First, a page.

Why Work-Life Balance Isn’t a One-Size-Fits-All Solution

To help employees achieve a work-life balance, employers must understand work priorities and motivations. Here are actionable ways to find the right mix.

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Why Work-Life Balance Isn't a One-Size-Fits-All Solution

“You can’t truly be considered successful in your business life if your home life is in shambles,” said motivational speaker Zig Ziglar. Yet, for many workers, this unfortunate situation happens all too often. It’s especially common for top performers who put workplace priorities ahead of personal priorities.

Yet, there’s always a price to pay. When the work-life balance gets too far out of sync, something has to give. It can lead to burnout, poor performance, or resignations. What’s more, employees can suffer the consequences for a long time.

During the COVID-19 pandemic, many people took stock of their lives and reordered their priorities. As a result, 95% of employees say work-life balance is very or somewhat important when choosing or staying at a job, and 72% say it’s very important. Smart businesses understand this. They keep work-life balance in mind when recruiting and managing employee retention.

What is work-life balance?

Work-life balance is an almost mythical thing. It spurs images of employees that have a perfect balance between their work and non-work life, keeping everything in perspective, and not sacrificing one for the other.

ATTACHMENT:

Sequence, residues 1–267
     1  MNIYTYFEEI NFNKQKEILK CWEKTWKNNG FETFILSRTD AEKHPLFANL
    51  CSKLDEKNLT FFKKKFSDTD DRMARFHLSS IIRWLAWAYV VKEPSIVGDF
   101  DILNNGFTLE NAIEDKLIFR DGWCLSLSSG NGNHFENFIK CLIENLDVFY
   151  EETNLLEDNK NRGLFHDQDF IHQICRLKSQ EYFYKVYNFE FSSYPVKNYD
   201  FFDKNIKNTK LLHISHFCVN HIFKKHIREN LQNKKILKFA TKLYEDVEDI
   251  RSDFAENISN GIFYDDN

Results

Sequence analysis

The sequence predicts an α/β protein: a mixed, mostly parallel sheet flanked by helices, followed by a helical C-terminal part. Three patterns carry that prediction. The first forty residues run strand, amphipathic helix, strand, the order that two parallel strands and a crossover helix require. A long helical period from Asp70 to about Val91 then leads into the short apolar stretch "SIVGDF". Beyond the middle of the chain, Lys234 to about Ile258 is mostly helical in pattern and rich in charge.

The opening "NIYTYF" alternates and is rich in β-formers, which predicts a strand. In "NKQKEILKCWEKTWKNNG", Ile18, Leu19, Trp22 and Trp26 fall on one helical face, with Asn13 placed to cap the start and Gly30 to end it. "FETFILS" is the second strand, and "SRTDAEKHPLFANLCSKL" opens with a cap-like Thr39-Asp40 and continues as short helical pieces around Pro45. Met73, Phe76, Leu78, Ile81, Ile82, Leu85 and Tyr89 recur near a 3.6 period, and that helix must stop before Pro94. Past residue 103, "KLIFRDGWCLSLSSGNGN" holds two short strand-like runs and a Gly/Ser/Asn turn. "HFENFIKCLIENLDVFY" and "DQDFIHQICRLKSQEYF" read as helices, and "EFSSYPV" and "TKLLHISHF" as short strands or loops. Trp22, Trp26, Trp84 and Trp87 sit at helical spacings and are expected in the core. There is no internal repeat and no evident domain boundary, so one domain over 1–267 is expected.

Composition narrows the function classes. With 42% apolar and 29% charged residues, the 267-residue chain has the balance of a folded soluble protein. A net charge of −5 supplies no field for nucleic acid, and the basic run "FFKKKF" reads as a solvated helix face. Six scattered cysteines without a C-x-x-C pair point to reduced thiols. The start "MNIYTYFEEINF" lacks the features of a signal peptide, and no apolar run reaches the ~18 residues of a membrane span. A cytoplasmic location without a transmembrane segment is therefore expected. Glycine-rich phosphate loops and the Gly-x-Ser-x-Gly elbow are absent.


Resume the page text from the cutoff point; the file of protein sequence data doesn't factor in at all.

In reality, jobs with work-life balance are rare. Balance rarely happens without managers making a concerted effort to achieve balance.

Is work-life balance important?

A work-life balance is essential to living a healthy, productive, and happy life. And, it’s one key to retaining employees. 57% of employees in a study by job board Monster said maintaining work-life balance is the most important aspect of work.

For individuals, this requires them to:

  • Be introspective
  • Determine what are their priorities in life
  • Take control of their career path
  • Simplify their lives.

This can create tough choices. For example, some people choose to focus on building a career and accelerating their earnings so they can retire early. Others might emphasize the importance of a regular schedule so they can have more time to enjoy themselves with friends and family. Others may want flexibility in scheduling so they can go back to school or attend events.

And there lies the problem for most companies: Work-life balance means different things for different people. It’s not a one-size-fits-all solution.

Some people choose to focus on building a career and accelerating their earnings so they can retire early. Others might emphasize the importance of a regular schedule so they can have more time to enjoy themselves with friends and family.

How to find the right mix of work-life balance for your employees

The concept of work-life balance is that employees can perform well at work with a meaningful and rewarding job while also being able to take care of themselves, their families, and other responsibilities. When things are in balance, people can lead more fulfilling lives.

Taking the time to find out employee priorities and motivations has now become an important part of the human resources process.

But work-life balance can mean different things for different people. Even with these differences, there are some common themes.

Instill a sense of purpose and growth